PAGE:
Till today, the deadly and rampaging coronavirus was known as the 2019-nCoV. That was a temoral name as the World Health Organisation, WHO, worked on getting it an official name as should be the case.
During his daily briefing on February 11, over 40 days since the virus broke out, the WHO Director-General Tedros Adhanom Ghebreyesus announced the official name as COVID-19.
Explaining the reasons behind the decision and the new name, he said: “We had to find a name that did not refer to a geographical location, an animal, an individual or group of people, and which is also pronounceable and related to the disease.”
“Having a name matters to prevent the use of other names that can be inaccurate or stigmatising. It also gives us a standard format to use for any future coronavirus outbreaks.”
We now have a name for the disease caused by the novel coronavirus: COVID-19.— Tedros Adhanom Ghebreyesus (@DrTedros) February 11, 2020
Having a name matters to prevent the use of other names that can be inaccurate or stigmatizing. #COVID19https://t.co/HTNjm27BHw
The coronavirus (now COVID-19) has killed more than 1,000 people with the majority of infections in mainland China. It broke out in the city of Wuhan in the Hubei province, the city was subsequently put on lockdown.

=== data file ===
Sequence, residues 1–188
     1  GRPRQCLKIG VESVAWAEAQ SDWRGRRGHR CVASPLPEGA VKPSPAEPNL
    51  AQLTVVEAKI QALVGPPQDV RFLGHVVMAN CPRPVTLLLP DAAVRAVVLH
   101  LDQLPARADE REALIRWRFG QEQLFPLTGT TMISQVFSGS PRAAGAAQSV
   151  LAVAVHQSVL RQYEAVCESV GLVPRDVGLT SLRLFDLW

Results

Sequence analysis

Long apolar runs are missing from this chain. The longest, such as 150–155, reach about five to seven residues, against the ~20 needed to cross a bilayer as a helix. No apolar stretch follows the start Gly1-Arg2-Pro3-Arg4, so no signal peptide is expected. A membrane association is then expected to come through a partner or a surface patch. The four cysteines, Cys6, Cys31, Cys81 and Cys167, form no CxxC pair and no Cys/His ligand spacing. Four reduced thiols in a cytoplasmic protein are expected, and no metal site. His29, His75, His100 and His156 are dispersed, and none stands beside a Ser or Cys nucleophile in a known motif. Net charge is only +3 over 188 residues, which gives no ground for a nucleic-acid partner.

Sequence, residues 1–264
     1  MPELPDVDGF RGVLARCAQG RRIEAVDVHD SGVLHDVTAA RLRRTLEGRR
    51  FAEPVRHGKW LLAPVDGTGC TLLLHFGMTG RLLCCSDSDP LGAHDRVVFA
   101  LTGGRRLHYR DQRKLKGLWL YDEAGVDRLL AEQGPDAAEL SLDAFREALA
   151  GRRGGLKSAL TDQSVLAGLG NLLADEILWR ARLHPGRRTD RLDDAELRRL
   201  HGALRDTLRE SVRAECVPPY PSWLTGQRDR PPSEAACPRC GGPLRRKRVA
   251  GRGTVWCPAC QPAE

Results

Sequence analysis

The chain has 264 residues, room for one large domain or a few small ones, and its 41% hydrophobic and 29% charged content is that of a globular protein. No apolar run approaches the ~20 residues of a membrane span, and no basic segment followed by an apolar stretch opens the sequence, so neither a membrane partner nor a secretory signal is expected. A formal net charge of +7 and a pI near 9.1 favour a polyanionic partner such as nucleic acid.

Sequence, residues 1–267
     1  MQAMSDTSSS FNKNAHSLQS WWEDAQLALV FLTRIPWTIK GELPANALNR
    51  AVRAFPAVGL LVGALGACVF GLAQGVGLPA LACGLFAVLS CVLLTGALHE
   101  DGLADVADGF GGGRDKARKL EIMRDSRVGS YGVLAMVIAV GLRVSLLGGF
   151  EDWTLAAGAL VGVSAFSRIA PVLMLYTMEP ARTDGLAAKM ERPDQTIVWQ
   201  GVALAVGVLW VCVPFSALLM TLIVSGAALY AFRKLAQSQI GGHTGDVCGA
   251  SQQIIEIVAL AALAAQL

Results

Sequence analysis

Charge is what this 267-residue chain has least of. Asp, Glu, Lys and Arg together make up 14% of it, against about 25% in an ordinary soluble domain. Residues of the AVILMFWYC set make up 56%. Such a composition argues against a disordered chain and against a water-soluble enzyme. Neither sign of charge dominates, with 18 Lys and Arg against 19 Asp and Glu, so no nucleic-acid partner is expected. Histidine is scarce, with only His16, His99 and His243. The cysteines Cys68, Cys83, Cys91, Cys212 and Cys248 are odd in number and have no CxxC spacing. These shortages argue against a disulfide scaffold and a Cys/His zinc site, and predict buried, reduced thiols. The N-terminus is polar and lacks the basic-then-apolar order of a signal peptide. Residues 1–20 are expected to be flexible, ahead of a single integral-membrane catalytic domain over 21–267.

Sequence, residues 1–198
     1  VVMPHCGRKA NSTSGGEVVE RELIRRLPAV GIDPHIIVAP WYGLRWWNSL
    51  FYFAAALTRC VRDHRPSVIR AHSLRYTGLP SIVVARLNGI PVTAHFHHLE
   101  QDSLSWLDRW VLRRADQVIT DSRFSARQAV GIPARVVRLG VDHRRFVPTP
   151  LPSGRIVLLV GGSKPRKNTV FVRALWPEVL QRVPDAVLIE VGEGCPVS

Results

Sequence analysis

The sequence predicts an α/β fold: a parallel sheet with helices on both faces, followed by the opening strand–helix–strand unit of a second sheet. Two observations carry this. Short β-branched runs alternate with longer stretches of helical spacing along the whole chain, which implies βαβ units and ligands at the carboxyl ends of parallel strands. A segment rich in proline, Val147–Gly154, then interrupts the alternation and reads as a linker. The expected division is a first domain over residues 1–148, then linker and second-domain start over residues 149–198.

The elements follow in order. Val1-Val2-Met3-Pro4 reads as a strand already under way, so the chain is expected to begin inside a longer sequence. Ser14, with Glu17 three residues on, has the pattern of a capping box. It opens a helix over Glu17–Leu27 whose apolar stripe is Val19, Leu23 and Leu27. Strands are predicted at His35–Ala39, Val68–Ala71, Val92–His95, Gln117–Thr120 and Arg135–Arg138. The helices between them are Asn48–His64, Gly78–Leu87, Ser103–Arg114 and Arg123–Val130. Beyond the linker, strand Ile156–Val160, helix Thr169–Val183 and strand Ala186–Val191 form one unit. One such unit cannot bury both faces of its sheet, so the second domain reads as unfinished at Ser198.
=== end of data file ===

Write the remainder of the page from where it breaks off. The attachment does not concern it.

Whiles it continues to spread to other parts of the world, Africa has been spared this far. Over thirty suspected cases have all turned out negative after tests.
The WHO Africa region and the African Union’s Center For Disease Control, CDC, has ramped up efforts to ensure that capacity of countries are boosted in readiness in case the virus is detected on the continent.
Last week the African CDC conducted training in Senegal with 12 countries, using tests sent by WHO. Further training will take place in South Africa next week. Initially, only Senegal and South Africa had the capacity to run tests but that has since changed.
The 13 top priority in the African region are: Algeria, Angola, Cote d’Ivoire, the Democratic Republic of the Congo, Ethiopia, Ghana, Kenya, Mauritius, Nigeria, South Africa, Tanzania, Uganda and Zambia
“Another shipment of 150,000 #2019nCOV tests is being assembled in Berlin today & is destined for over 80 labs in all regions.— World Health Organization (WHO) (@WHO) February 10, 2020
Last week the
AfricaCDCconducted training in ?? with 12 countries, using tests sent by WHO. Further training will take place in ?? next week"-DrTedros
The virus has infected over 43,000 people and its death toll has already surpassed that of the SARS outbreak in 2003. At the epicentre of the outbreak in Hubei province, two health officials were fired, Chinese state media said. The move comes after an outcry over the handling of the outbreak.
It also follows the death of doctor Li Wenliang who had given an early warning about the virus fuelling further criticism of Chinese officials.